Admit it; when you saw the trailer for The Goldfinch you thought “Well, here comes the Oscar bait.” It’s not an unfair notion to have. Even the brief amount of footage teased was laborious and overwrought, promising the sort of blandly life-changing prestige adaptations previously endured with Extremely Loud & Incredibly Close, The Reader, and too many others to list. A film that explores the fragility of life and the timelessness of art, The Goldfinch is as vivid as watching paint dry.
Many consider Donna Tartt’s 2013 Pulitzer-winning novel to be itself a masterpiece, and perhaps it is on the page. On the screen, however, with Oscar-nominated Brooklyn director John Crowley at the helm, it’s a lifeless lump of awful ideas, bad decisions, and ridiculousness. Guardians of the Galaxy is more believable and it has a talking tree. Problems start right from the jump with the casting of Ansel Elgort as Theo, who we first meet in a state of suicidal panic. See, Theo’s had it rough. Years ago as a boy, his mother was killed in a terrorist bombing at a museum. In the aftermath of the blast, Theo made away with the titular 17th-century Carel Fabritius painting, notable for being the artist’s last before dying in a freak explosion. There’s some convenient symmetry for ya. Lots of that to go around.
Through an agonizing drip-drop of information, intermittently broken up by Elgort’s sleepy narration, we see the younger Theo, now played by Wonderstruck‘s talented Oakes Fegley, moving up in status when he stays at the home of the Barbers, becoming quite close with the son and the art-loving matriarch, Samantha (Nicole Kidman, perfectly mannered). Through another moment of divine intervention, Theo is guided to a fatherly antique dealer (Jeffrey Wright), who happens to be the guardian of Pippa (Ashleigh Cummings), the red-haired girl Theo was near when the explosion happened. There’s an intriguing story set up about a young man’s climb through the societal ranks as he tries to escape past tragedies, but then it takes a sharp turn with the arrival of Theo’s absurdly devious birth father (Luke Wilson) and his intolerable wife (Sarah Paulson, doing her best), who wisk the boy off to Vegas for a life of deserts and get-rich-quick schemes.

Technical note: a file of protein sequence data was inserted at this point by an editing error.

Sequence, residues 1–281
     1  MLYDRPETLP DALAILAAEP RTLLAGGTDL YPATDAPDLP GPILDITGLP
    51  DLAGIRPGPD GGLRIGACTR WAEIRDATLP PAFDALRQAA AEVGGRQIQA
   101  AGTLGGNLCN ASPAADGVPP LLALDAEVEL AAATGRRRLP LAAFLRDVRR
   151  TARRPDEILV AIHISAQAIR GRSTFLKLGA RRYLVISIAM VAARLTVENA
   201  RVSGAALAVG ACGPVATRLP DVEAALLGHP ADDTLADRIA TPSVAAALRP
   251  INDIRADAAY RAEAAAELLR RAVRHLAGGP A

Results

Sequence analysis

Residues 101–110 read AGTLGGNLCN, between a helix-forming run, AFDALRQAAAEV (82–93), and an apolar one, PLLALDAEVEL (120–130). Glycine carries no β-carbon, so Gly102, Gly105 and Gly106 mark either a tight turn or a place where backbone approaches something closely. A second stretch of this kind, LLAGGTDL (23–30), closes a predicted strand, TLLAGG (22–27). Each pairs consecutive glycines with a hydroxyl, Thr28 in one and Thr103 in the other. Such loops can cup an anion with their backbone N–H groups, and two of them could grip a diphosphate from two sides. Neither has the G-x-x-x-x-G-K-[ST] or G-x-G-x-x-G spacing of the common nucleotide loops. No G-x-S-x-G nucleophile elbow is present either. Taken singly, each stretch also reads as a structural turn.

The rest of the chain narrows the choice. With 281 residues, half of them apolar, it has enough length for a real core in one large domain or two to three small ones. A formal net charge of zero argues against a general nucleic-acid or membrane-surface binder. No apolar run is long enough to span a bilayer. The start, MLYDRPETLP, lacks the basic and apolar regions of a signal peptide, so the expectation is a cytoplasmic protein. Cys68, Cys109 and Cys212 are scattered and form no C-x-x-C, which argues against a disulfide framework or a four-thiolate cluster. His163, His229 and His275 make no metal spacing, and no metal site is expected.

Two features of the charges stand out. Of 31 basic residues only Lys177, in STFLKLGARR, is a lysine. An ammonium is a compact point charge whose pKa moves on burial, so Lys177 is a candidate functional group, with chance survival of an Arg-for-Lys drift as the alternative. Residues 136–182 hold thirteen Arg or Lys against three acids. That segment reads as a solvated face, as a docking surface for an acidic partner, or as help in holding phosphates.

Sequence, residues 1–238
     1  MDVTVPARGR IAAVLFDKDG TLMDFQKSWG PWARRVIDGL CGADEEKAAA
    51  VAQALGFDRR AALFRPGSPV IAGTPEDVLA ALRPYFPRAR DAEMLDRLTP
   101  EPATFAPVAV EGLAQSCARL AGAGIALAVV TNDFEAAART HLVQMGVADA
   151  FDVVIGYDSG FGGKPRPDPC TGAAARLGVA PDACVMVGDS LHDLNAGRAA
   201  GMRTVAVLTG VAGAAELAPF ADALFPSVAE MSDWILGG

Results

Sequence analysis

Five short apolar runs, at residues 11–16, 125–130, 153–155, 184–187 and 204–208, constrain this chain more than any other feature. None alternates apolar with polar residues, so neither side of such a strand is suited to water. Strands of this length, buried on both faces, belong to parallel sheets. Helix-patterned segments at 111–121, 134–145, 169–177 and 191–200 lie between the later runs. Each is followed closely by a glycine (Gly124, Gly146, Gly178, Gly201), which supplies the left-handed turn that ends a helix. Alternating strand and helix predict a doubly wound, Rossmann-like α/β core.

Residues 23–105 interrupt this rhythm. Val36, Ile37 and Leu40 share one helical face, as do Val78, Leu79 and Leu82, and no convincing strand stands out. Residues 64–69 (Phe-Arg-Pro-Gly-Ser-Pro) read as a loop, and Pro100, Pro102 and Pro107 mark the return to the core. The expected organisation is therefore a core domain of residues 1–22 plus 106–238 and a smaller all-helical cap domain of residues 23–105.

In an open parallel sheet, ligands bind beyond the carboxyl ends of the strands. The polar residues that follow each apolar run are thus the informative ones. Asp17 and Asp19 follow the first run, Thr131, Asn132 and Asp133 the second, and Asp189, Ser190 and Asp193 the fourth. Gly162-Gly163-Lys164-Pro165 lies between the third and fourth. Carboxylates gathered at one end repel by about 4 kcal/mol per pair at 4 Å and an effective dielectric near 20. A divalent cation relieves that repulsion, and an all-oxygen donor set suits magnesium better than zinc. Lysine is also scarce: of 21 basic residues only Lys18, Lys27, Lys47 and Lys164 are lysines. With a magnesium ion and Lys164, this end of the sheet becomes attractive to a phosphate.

Crowley and screenwriter Peter Straughan (Tinker Tailor Soldier Spy) struggle to make any of this feel authentic, to which I kept wondering why they don’t just roll with the punches. In Vegas, Theo is introduced to Boris (Finn Wolfhard, woefully out-of-place), a black-clad Ukrainian kid who carries an umbrella (“I don’t like the sun”), commits petty crimes, shares a tragic past, oh…and introduces Theo to really hard drugs that we know he’ll be enjoying well into adulthood. Boris is the kind of outlandish, cartoony character that only exists believably in the written word, but under Crowley’s leaden guidance feels like he dropped in from outer space. All of these fanciful events keep Theo chained to his painful memory of that day in the museum, the burden of which he literally carries with him in a backpack.
Movies about chance and fate aren’t inherently silly; in fact, they can be quite beautiful when seemingly random acts are shown to have profound relevance. Paul Thomas Anderson can make you believe in a rainstorm of frogs (as he did in Magnolia) if the world he’s created feels genuine. Somehow, the amazing events in Theo’s life don’t seem all that important or credible, at least not when depicted in such a flat manner by Crowley. This is a movie that manages to somehow turn itself into a Russian crime flick with heists, shootouts with German mobsters, and everything, but the only exciting thing about it is figuring out how the Hell we got there. None of that makes any sense, which can be said for pretty much everything about The Goldfinch. There’s so much going on that nothing is firm enough to stand even the slightest scrutiny.
Elgort doesn’t really click as Theo, but fortunately Fegley is much better as his younger self. They have different tasks which they succeed at individually, but not when put together as a whole. Among other things, this is a movie about secret lives and the way people hide certain parts of themselves, but Elgort isn’t the right actor for that. Like a football team that plays up or down to the level of its competition, Elgort is an actor who thrives on great material but sinks otherwise. Fegley, who is saddled with that awful Vegas diversion, nevertheless conveys the grief and anger of a boy who is being swept up in a current of tragedy. Fegley’s the real deal, and here’s hoping we see a lot more of him. The rest of the supporting cast are excellent: Kidman and Wright exude warmth in their limited screen time, and Cummings hints at a deep inner life for Pippa that Elgort fails to show in Theo. And maybe it’s just me, but anytime Denis O’Hare gets to play the smarmy heel, as he does here as someone who knows Theo’s secret, it’s always a treat. Beautiful cinematography from Roger Deakins spoils under the crushing weight of this privileged, overcooked and overlong literary adaptation. The Goldfinch is everything Crowley’s exhilarating Brooklyn was not, proving that not all Oscar bait is equal.